Miller said there are other issues in addition to those addressed during the forum that he sees as primary to the future of Kentucky, including education, internet and broadband access, health care and funding for police and firefighters. He said a vote for him is a vote for “pro life and the Second Amendment.”
“I’ve served this area for 20 years as a volunteer and that has inspired and motivated me. I believe this election comes down to experience…and I believe that person is me,” he said.
Next to take the stage were candidates for Maysville City Commission who appeared in two groups of four with the second group isolated as the first group answered questions.
Those in the first group included incumbents Victor McKay, Andrew Wood and Jeff Brammer along with first-time candidate John Bess. The second group included incumbent Kelly Ashley, former mayor David Cartmell, along with candidates Stephanie Gastauer and Ann Brammer Each was given the opportunity to introduce themselves to voters and to give a reason behind their candidacy before facing a series of questions from Baker and Roe. Among those questions:
What aspect of a thriving community is access to alternative means of transportation such as walkway, path bikes and the like. There are many people who believe that Maysville does not meet these needs. How would you address that?
J. Brammer — While Maysville does have acess to walk ways and bike paths, the community needs to do more in that area.
Bess — As an avid runner, uses the Maple leaf walking/biking path a lot. Would like to see that trail and others linked to both the downtown area and the hill area, including the Maysville Mason County Recreation Park. While the city has the “pieces to the puzzle,” linking them is the key to better access.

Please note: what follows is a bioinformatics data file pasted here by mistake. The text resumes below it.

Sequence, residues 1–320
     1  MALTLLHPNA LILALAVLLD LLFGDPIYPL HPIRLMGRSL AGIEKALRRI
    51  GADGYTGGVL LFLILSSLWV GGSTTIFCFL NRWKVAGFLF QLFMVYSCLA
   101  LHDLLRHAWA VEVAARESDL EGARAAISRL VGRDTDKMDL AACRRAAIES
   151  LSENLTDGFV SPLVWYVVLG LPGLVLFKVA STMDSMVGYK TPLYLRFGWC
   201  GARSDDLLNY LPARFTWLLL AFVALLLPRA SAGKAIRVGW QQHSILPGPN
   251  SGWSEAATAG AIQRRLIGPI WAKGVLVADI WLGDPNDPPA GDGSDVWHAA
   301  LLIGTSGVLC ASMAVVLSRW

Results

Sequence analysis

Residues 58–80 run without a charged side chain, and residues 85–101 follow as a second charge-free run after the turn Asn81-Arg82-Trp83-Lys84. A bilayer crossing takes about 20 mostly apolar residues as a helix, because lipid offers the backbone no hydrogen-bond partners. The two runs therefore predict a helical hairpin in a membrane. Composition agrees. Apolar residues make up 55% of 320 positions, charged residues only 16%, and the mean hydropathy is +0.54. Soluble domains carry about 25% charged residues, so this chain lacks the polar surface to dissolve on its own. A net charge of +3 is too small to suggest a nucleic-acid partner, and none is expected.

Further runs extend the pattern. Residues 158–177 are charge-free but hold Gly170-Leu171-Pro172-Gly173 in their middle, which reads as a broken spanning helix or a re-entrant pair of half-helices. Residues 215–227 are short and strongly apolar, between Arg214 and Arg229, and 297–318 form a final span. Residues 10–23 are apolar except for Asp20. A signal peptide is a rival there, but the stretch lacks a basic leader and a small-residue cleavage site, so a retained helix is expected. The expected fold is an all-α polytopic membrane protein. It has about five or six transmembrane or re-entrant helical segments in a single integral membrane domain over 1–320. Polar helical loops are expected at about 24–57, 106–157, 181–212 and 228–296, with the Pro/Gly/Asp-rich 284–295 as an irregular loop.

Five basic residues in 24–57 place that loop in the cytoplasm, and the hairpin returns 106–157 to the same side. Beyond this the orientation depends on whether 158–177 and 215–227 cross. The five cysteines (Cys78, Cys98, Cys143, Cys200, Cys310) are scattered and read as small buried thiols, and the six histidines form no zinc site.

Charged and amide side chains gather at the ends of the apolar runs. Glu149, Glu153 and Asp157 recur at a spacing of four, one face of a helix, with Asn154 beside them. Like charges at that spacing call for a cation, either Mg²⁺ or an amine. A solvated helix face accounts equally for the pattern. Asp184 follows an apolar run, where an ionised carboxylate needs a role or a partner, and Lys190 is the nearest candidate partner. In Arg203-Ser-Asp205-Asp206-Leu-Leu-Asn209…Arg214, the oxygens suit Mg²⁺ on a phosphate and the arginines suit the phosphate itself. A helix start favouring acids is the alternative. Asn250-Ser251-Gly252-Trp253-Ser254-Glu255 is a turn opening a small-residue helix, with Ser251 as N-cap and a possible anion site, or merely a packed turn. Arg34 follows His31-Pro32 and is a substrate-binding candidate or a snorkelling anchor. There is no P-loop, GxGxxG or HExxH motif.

Wood — He called Maysville “a tale of two cities,” with the older downtown area built for walking access with the “hill” are more conducive to vehicle access. He said there has been movement on linking the two in the last several years.
McKay — The Buffalo Trace Health Department recently teamed up with the BTADD and received a grant for trails. He called the recreation park “a crown jewel for Mason County,” and said he would like to see more development of trails along the riverfront.
A. Brammer — We do need walkway access. I think we have to look at it and take action.
Ashley — I’d like to see more access to walking trails, and pathways for walking and bikes.
Cartmell — We do have bike paths, “connection is the problem.” He cited the new walking path at near Stober Drive and said he would like to see a connection with paths at MCTC.
Gastauer — Would like to see more access for East End and more efforts to offer incentives for investment to that end.
Because of the pandemic we have found ourselves in the era of shrinking resources and tightening revenue streams. What ideas do you have for reorganizing the resources to use the city’s budget as efficiently as possible.
Bess — Instead of looking at COVID-19 as a negative it could be turned into a positive as more and more people work from home. He suggested Maysville could attract more people to make it home base by offering better resources such as high speed internet to accomplish that.
Wood — A really tough question. Maysville is blessed to have a payroll tax that has helped shore-up city revenue and department heads who have been conscientious in budgeting.
McKay — Seeing how badly the city’s budget may have been affected by the pandemic will be easier to gauge after the second quarter’s end later this month. He said the city has received $600,000 in CARES funding for police and fire, while taking a $54,000 hit in payroll revenue.
J. Brammer — Pandemic been very hard on small businesses, but city has managed very well.
Ashley — I think a lot of that would come down to the city and organizations working together to marshal resources for people. People are hurting right now. Establish a central location. Combine our efforts with the private sector.